HIV is fast becoming the leading cause of death and disease among women of reproductive age worldwide, a UN programme on HIV/Aids has warned.
UNAids launched a five-year action plan at the start a 10-day conference in New York, addressing the gender issues which put women at risk.
And one of the key issues it said is that 70 percent of women worldwide have been forced to have unprotected sex.
UNAids says such violence against women should not be tolerated.
"By robbing them of their dignity, we are losing the opportunity to tap half the potential of mankind to achieve the Millennium Development Goals," the BBC quoted Executive Director Michel Sidibe as saying.
"Women and girls are not victims, they are the driving force that brings about social transformation," he stated.
The agency also says that experiencing violence hampers women's ability to negotiate safe sex.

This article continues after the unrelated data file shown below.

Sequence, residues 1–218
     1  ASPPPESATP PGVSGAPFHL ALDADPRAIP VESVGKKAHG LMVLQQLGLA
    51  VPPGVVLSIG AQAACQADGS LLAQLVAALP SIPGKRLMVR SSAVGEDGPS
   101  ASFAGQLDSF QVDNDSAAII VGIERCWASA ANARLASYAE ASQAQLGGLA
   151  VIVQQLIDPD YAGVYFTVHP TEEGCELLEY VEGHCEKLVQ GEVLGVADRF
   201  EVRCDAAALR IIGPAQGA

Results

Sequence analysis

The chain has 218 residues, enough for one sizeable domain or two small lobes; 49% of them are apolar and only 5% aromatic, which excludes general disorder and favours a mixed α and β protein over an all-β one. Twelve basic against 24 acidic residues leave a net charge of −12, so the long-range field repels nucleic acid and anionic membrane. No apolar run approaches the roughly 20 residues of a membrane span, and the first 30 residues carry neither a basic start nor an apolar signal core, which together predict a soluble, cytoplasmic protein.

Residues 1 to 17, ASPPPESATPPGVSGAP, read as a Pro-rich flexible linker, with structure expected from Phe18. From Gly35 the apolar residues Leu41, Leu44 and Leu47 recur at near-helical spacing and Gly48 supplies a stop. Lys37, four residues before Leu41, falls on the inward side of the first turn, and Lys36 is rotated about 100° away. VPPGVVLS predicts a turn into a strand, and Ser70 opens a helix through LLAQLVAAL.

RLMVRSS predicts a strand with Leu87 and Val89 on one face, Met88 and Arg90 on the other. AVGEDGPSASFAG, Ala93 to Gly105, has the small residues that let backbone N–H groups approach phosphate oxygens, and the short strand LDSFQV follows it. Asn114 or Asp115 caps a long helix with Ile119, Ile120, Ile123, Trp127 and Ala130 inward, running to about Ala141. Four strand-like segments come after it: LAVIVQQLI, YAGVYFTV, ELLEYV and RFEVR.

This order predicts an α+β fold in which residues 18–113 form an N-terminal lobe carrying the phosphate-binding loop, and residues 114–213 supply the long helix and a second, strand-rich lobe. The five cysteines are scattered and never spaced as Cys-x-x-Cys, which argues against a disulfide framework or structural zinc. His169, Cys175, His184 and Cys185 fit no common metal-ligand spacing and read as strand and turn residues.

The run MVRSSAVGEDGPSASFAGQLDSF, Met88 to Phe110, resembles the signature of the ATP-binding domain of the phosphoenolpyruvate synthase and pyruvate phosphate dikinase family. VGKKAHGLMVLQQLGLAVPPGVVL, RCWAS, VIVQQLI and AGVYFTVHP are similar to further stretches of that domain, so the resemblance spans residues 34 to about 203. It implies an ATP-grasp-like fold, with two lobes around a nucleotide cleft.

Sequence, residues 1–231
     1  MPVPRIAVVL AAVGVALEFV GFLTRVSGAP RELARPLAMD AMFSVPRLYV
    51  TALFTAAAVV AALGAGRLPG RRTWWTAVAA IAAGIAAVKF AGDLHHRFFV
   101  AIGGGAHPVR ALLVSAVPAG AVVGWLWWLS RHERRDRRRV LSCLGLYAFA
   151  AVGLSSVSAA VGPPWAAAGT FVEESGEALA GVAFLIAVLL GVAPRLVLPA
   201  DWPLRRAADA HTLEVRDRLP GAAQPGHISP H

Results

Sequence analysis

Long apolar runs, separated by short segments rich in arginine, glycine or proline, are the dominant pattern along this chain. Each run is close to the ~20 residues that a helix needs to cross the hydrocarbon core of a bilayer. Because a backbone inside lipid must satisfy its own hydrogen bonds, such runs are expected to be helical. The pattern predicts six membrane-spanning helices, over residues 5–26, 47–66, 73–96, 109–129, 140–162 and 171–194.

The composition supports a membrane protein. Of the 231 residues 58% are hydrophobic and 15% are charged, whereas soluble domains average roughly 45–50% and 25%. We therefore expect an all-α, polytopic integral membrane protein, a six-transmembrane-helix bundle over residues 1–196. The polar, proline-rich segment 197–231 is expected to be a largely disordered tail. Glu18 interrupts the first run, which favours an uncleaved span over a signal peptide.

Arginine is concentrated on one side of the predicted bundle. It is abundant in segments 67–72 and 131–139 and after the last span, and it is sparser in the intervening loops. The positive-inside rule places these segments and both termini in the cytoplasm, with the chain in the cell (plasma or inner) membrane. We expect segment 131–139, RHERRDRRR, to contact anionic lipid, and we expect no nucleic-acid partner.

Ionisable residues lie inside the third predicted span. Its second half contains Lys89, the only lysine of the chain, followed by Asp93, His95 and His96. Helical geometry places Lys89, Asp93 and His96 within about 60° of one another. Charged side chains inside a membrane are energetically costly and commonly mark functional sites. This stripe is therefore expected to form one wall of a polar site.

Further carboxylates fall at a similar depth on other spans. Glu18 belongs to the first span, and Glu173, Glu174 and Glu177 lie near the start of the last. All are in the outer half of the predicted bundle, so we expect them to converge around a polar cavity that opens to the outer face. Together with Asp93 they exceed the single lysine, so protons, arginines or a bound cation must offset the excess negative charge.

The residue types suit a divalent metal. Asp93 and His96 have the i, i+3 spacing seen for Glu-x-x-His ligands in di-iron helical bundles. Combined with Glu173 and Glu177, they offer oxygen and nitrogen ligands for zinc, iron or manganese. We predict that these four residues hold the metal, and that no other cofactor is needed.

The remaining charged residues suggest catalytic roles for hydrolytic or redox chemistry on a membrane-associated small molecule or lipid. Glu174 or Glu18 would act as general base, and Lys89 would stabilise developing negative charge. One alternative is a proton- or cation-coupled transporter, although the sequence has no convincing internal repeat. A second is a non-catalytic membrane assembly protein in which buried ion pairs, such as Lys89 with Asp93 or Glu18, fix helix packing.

It warns that, nearly 30 years from the beginning of the epidemic, HIV services do not respond to the specific needs of women and girls.
Women, it says, continue to be disproportionately affected by HIV/Aids.
In sub-Saharan Africa, 60 percent of those living with HIV are women and in Southern Africa, for example, young women are about three times as likely to be infected with HIV than young men of the same age.
The programme, which will include improving data collection and analysis of how the epidemic affects women, and ensuring the issue of violence against women is integrated into HIV prevention programmes, will be rolled out in countries including Liberia.